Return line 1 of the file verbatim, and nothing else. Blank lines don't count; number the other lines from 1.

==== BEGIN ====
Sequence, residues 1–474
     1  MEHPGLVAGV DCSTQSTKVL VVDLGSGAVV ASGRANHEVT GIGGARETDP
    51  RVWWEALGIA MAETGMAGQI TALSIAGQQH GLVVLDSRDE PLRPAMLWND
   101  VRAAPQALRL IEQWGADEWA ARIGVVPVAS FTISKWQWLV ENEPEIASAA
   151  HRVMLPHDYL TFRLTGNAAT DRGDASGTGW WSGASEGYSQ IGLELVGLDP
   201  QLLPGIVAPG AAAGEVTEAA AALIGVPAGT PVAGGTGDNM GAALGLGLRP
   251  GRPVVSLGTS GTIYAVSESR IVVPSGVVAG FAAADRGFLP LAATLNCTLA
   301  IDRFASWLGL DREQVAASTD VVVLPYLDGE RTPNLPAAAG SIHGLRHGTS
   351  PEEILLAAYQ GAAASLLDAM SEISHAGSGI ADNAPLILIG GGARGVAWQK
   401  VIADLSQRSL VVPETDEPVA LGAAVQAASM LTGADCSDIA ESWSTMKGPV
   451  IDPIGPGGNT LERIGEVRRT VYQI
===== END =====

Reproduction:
Sequence, residues 1–474